Britain's foreign minister said he has spoken to "Five Eyes" allies about potentially opening their doors to Hong Kongers if Beijing's plans to impose a national security law on the city sparks an exodus.
The revelation came as Prime Minister Boris Johnson said London would not "walk away" from Hong Kongers worried by Beijing's control over the international business hub, in his most direct comments yet on the former colony's future.
Semi-autonomous Hong Kong has been rocked by months of huge and often violent pro-democracy protests over the past year.
In response Beijing has announced plans to introduce a sweeping national security law covering secession, subversion of state power, terrorism and foreign interference.
China says the law – which will bypass Hong Kong's legislature – is needed to tackle "terrorism" and "separatism" in a restless city it now regards as a direct national security threat.
But opponents, including many western nations, fear it will bring mainland-style political oppression to a business hub that was supposedly guaranteed freedoms and autonomy for 50 years after its 1997 handover to China from Britain.
Contingency plans for 'mass exodus'
In parliament on Tuesday, Britain's Foreign Secretary Dominic Raab said he had reached out to Australia, New Zealand, the United States and Canada about contingency plans if the law creates a deluge of Hong Kongers looking to leave.
"I raised it on the Five Eyes call yesterday – the possibility of burden sharing if we see a mass exodus from Hong Kong," Raab told lawmakers, referencing the intelligence-sharing alliance between the five powers.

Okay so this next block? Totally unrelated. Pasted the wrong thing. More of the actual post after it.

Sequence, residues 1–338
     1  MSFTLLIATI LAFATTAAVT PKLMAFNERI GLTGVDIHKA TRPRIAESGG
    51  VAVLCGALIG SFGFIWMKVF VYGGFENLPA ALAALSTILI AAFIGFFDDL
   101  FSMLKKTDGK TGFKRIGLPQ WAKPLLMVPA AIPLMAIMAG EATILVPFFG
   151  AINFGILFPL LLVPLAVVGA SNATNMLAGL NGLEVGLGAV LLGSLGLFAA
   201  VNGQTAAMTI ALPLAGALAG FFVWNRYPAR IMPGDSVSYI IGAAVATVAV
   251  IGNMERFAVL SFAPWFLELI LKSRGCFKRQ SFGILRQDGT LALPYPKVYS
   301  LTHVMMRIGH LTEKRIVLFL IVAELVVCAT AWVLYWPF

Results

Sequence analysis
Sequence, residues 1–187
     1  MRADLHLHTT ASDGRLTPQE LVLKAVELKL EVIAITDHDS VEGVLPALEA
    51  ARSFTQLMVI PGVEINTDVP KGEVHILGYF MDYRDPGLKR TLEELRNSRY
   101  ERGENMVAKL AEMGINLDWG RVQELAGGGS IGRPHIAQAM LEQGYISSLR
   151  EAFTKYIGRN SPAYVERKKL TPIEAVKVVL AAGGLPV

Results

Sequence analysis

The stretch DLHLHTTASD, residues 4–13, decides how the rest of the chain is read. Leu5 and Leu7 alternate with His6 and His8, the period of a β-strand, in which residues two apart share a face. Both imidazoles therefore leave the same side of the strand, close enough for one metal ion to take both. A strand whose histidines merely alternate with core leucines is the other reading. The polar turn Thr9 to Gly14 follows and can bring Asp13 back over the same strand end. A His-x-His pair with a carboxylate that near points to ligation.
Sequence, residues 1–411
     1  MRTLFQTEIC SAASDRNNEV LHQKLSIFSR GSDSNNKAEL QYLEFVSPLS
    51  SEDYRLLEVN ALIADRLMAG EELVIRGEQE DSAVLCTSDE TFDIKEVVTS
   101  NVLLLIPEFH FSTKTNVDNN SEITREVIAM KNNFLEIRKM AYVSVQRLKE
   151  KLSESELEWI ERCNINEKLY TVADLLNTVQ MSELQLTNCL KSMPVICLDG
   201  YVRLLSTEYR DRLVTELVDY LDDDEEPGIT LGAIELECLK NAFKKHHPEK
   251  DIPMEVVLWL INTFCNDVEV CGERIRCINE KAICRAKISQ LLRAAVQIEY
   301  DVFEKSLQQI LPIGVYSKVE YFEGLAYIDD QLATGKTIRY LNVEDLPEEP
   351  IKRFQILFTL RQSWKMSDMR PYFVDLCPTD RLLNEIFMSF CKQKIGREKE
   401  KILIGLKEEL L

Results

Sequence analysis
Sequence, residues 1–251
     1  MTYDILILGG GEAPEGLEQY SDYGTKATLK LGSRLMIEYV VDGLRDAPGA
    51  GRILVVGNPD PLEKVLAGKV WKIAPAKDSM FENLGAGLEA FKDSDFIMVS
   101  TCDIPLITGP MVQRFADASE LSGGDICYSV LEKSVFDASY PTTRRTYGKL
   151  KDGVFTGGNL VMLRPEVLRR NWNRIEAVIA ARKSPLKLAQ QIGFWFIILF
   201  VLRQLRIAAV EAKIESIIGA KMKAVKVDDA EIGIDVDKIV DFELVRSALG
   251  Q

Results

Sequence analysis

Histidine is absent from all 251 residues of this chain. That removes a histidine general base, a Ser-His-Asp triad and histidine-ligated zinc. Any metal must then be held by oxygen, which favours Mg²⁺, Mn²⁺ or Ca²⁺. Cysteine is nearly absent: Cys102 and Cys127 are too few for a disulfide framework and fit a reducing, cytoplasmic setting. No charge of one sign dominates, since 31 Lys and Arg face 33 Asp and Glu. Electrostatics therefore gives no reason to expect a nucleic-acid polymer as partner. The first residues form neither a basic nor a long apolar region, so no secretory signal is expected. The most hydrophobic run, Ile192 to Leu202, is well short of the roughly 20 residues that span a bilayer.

Britain has said it will offer millions of Hong Kongers visas and a possible route to UK citizenship if China persists with its national security law, a commitment Johnson detailed in a column for The Times and the South China Morning Post newspapers on Wednesday.
'Path to citizenship'
"Many people in Hong Kong fear their way of life – which China pledged to uphold – is under threat," Johnson wrote.
"If China proceeds to justify their fears, then Britain could not in good conscience shrug our shoulders and walk away; instead we will honour our obligations and provide an alternative."
About 350,000 people in Hong Kong currently hold British National (Overseas) passports, which allow visa-free access to Britain for up to six months.
Another 2.5 million people would be eligible to apply for one.
Johnson said Britain could allow BN(O) holders to come for a renewable period of 12 months "and be given further immigration rights, including the right to work, which could place them on a route to citizenship".
Beijing has hit out at foreign criticism of its national security law, saying the issue is a purely internal affair, and has vowed to implement "counter measures".
It says Hong Kongers will continue to keep their political freedoms – although anti-subversion laws are routinely used to quash political dissent on the mainland.
Britain says it views the proposed law as a breach of the 1984 agreement with Beijing ahead of the handover guaranteeing Hong Kong's freedoms and a level of autonomy – a deal that formed the bedrock of its rise as a world class finance centre.
"Britain does not seek to prevent China's rise," Johnson wrote. "It is precisely because we welcome China as a leading member of the world community that we expect it to abide by international agreements."
His comments came as political tensions are rising in Hong Kong once more.
On Wednesday lawmakers in the city's pro-Beijing weighted legislature restarted debate on a law that would criminalise insults to China's national anthem.
The bill is likely to be passed on Thursday – a day when Hong Kongers will also mark the anniversary of Beijing's 1989 Tiananmen crackdown, despite city authorities banning the traditional annual vigil because of the coronavirus.